In a preferred embodiment, a user of a mobile device is able to input the time available for viewing the salient locations of an image. The speed at which a zoomed-in window is therefore translated over the salient path 901 is adjusted so that the entire path is traversed in the given time. For a display of a given refresh rate, this will result in different areas of the portion 903 being displayed at different times. For example, if a relatively long time for viewing is selected, then the path 901 will be traversed slowly and more areas of the portion 903 will be displayed. If a shorter time is specified, the path 901 is traversed more quickly, and therefore less areas of the image portion 903 will be displayed in the time available. A minimum (and/or maximum) viewing time can be preset in a memory of the device (not shown) in order to avoid the case where the path is traversed too quickly.

It will be further appreciated that the present method is applicable in situations in which a dynamic translational window can be used, such that the zoom factor of the window varies along the length of the salient path in response to different areas of saliency, for example.

The present method is also useful when applied to multiple related images such as those relating to a panoramic image, or a sequence of images making up a video.

For example, if a panoramic image is to be generated from a plurality of separately captured images, such that each image relates to the scene or object from which the panorama is desired, the present method is able to generate a salient path for each image independently, or following the generation of the panoramic image.

In general, the panoramic image will be generated using known techniques such as stitching, for example. Once a panorama has been generated, a salient path can therefore be generated for the panoramic image proper.

Alternatively, if a salient path is generated for each individual image from which the panorama is to be generated, it may be desirable to align the beginnings and ends of the salient paths for the images. In this respect, the images need not be stitched, but a virtual panorama tour can be implemented using a suitable display with the appropriate processing.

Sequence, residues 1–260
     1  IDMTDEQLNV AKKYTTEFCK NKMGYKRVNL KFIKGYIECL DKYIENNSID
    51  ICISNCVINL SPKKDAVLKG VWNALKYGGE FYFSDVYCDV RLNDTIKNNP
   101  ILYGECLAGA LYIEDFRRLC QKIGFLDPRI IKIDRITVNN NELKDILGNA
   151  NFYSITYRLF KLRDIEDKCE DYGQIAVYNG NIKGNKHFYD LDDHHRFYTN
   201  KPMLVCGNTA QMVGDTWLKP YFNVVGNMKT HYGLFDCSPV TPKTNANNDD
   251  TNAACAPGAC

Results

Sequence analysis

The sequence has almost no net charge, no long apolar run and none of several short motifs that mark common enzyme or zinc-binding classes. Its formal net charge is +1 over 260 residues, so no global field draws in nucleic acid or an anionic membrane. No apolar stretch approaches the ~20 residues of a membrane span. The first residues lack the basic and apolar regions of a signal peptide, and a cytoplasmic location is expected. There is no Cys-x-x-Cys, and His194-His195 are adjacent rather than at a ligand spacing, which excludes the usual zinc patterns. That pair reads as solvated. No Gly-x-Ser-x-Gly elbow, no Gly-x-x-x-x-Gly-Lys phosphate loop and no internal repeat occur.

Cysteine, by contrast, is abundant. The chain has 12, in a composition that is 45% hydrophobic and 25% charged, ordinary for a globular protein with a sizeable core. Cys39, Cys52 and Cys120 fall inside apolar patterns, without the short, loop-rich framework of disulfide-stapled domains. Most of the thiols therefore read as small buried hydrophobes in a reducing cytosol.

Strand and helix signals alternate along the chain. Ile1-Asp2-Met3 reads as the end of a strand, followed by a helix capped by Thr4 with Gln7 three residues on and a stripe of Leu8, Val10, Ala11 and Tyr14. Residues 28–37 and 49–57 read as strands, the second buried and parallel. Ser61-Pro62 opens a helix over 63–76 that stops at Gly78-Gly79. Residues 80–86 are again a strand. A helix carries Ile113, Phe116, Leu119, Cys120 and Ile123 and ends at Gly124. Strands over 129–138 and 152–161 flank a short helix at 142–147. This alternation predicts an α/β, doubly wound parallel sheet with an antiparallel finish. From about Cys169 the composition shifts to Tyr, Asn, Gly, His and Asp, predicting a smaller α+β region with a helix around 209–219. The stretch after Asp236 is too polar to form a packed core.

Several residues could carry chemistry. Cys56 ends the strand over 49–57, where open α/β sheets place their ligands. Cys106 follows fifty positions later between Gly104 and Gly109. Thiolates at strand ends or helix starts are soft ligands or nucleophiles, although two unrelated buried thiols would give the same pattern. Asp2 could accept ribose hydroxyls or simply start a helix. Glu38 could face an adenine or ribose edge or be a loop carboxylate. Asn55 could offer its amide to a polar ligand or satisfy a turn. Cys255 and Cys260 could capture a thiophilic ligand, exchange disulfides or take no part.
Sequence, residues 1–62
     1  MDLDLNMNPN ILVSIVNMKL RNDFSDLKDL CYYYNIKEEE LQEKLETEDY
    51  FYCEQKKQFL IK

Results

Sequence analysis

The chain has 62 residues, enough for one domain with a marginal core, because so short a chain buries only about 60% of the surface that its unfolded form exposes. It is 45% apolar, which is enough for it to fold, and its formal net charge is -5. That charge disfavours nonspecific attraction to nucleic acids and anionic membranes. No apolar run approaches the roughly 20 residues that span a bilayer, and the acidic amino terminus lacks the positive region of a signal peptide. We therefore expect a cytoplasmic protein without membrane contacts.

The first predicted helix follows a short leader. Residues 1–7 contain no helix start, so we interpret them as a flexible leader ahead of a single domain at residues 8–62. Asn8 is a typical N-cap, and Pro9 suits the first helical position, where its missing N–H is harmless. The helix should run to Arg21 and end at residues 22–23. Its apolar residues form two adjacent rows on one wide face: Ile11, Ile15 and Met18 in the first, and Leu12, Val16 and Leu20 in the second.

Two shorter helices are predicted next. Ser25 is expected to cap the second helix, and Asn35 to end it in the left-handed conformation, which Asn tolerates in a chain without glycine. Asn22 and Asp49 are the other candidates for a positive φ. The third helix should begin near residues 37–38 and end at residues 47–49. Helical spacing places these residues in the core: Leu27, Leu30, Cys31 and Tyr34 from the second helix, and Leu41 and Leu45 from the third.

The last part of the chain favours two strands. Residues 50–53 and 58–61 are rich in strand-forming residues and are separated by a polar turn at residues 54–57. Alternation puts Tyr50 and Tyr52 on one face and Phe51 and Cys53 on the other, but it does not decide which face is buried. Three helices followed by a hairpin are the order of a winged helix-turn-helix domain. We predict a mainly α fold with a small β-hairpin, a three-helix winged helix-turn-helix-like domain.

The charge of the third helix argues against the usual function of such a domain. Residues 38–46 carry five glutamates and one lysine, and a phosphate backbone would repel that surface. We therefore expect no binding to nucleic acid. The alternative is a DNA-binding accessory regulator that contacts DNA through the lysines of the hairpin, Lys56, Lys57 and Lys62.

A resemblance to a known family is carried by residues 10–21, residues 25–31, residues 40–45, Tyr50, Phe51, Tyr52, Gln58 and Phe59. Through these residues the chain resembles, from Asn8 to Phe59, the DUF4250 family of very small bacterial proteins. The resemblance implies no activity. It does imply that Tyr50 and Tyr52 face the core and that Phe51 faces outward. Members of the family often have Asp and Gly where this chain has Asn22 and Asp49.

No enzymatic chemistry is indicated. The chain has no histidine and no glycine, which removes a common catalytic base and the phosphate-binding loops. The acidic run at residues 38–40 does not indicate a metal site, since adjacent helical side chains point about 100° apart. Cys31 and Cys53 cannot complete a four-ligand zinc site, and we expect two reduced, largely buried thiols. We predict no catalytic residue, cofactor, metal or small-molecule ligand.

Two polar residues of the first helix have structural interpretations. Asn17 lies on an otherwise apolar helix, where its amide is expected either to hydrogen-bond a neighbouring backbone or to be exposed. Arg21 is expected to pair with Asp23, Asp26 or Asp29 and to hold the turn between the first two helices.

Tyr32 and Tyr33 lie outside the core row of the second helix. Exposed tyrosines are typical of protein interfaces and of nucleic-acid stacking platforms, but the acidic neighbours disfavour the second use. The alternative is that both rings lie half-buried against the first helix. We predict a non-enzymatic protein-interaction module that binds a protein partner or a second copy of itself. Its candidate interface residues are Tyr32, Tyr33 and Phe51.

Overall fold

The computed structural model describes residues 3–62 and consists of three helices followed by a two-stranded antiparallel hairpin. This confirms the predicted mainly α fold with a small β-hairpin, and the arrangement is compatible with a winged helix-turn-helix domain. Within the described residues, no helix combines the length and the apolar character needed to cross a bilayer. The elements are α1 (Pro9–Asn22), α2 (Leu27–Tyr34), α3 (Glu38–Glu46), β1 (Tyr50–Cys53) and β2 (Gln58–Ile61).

More specifically, and with reference to FIG. 10 of the accompanying drawings, images 1001,1003,1005 and 1007 are images from which a panorama of an object or scene may be generated. If a virtual panorama tour is be implemented using the images, it is desirable for the end of the salient path of 1001 to correspond with the beginning of the salient path for 1003, the end of the salient path for 1003 to correspond with the beginning of the salient path for 1005 and so forth.

Suitably corresponding paths are shown in FIG. 10. In this manner, a salient path for each image can be followed and portions of the corresponding image displayed on a suitable display. When the end of a salient path for one image is reached, the display begins to display portions of the next image following the salient path from this next image thereby giving the illusion that a panorama of the object or scene was captured. The salient paths, as followed, have the effect of a continuous salient path across the panorama which would be generated by joining the images.

The images of FIG. 10 can be stitched as explained above, in which case the matched salient paths generated for each image can be used, or a new salient path for the entire stitched panorama can be generated. Any salient path can be adjusted to take account of any overlapping or translation of images as a result of obtaining a panorama.

More or less images than that shown in FIG. 10 may be used, and the nature of the images and the generated salient paths thereon is not intended to be limiting.

In a preferred embodiment, two paths can be said to substantially correspond if a path which would result from them being joined is substantially continuous, or if, when two images are joined in order to form a portion of a panorama, the distance between the ends of the respective salient paths is less than a certain ‘mismatch threshold’, for example. Such a threshold can be of the order of millimeters, for example, or can be determined on a case by case basis taking into account the granularity of image detail in a panorama or its constituent images. A combination of the above may also be appropriate in certain circumstances.